MAY 25, 2012
This randomized study compared the safety and effectiveness of the LipiFlow System (TearScience, Morrisville, N.C.) with the iHeat Warm Compress System (Advanced Vision Research, Woburn, Mass.) in adults with meibomian gland dysfunction (MGD). The LipiFlow was significantly more effective.
LipiFlow is designed to safely heat the palpebral surfaces of the upper and lower eyelids while simultaneously applying graded pulsatile pressure to the outer eyelid surfaces. The device, which is administered during an office visit, massages the outer eyelids from the base of the meibomian glands in the direction of the gland orifices.
The study randomized 139 subjects (278 eyes) with dry eye symptoms and evidence of meibomian gland obstruction to treatment with LipiFlow or iHeat. The LipiFlow group was followed for four weeks after treatment. iHeat subjects were instructed to undergo treatment at home for five minutes daily for two weeks. Afterward, they crossed over and underwent LipiFlow treatment.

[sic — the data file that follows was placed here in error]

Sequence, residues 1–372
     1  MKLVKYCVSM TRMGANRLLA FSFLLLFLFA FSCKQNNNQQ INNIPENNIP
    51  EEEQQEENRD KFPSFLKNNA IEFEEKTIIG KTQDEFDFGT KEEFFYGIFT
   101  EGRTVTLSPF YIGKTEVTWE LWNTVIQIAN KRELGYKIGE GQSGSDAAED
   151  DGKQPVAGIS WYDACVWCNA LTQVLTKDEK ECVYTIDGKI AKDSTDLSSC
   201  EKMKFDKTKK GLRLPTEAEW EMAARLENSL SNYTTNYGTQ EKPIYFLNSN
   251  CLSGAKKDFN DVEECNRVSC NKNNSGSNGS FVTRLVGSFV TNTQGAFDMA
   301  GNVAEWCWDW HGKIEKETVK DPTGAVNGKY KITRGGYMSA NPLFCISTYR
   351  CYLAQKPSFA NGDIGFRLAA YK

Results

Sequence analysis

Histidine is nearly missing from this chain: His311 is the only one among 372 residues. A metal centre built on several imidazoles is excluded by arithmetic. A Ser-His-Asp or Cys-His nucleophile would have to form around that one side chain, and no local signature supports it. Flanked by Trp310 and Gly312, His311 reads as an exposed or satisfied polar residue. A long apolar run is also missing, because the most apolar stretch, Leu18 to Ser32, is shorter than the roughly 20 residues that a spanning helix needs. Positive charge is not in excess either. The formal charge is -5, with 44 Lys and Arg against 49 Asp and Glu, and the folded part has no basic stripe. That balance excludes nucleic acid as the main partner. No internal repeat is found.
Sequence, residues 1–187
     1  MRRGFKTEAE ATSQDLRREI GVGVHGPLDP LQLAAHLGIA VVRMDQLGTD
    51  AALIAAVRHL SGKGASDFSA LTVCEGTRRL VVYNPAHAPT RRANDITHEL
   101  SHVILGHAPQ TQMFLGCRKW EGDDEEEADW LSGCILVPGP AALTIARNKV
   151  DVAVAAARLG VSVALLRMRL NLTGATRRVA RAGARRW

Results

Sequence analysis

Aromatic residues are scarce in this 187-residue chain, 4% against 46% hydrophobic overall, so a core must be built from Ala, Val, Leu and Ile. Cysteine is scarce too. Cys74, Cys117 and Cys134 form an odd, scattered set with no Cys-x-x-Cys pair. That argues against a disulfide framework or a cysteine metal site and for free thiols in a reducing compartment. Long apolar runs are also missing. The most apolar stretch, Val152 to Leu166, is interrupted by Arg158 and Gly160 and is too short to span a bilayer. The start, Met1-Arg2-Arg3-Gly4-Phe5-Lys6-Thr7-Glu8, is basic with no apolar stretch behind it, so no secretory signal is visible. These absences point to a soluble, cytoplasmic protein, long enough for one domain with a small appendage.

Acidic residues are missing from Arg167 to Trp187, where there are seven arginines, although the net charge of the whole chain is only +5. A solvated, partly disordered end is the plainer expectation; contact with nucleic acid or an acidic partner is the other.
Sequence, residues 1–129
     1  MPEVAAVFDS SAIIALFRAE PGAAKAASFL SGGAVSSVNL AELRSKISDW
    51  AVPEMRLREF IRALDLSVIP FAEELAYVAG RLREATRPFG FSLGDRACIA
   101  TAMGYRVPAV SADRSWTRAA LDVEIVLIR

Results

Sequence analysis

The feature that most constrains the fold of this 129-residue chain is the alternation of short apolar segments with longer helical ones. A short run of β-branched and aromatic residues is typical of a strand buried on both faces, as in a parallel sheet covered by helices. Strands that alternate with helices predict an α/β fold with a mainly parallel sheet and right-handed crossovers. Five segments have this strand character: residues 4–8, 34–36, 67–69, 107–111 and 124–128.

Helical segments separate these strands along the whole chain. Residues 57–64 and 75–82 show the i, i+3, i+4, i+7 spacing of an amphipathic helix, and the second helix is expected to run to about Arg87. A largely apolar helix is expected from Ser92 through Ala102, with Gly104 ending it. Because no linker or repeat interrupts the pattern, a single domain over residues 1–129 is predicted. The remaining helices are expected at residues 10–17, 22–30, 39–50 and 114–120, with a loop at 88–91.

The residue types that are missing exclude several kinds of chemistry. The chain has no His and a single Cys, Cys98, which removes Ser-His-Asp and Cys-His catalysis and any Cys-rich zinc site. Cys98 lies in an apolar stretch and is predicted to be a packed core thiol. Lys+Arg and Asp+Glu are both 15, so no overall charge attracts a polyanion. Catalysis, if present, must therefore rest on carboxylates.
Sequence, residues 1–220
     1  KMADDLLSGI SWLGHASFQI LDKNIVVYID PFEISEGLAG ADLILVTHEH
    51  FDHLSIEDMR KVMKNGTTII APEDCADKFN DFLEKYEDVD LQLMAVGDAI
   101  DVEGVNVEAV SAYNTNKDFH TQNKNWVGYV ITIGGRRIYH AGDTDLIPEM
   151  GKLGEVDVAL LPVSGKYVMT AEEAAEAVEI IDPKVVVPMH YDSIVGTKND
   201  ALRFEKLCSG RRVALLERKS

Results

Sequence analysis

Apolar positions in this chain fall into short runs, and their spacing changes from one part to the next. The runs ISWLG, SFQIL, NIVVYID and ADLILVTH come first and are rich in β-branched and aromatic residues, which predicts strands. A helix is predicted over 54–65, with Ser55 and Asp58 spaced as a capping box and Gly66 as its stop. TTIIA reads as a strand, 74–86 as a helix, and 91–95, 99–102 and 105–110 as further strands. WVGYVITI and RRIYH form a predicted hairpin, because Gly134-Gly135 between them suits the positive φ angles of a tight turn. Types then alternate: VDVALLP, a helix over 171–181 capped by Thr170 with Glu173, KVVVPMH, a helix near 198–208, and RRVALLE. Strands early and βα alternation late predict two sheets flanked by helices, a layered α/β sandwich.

LipiFlow treatment resulted in significant improvement (P < 0.05) in meibomian gland secretion at two and four weeks (mean ± standard deviation at baseline = 6.3 ± 3.5; 2 weeks = 14.3 ± 8.7; 4 weeks = 16.7 ± 8.7) and tear break-up time (TBUT) at two and four weeks (at baseline = 5.5 ± 2.9; 2 weeks = 6.9 ± 5.0; 4 weeks = 7.4 ± 5.5). However, these measures did not significantly change in the iHeat group.
Both groups experienced a statistically significant decrease in dry eye symptom frequency and severity, although this improvement was significantly greater in subjects treated with LipiFlow. The incidence of nonserious, device-related adverse events was not significantly different between the groups.
The authors say the trend toward further improvement in signs and symptoms at the four-week visit in patients treated with LipiFlow offers a positive prognosis for future studies evaluating this therapy over a longer duration. They speculate that this continued improvement may be due to the restoration of function of previously blocked meibomian glands and hypothesize that the increase in gland function improves tear film stability.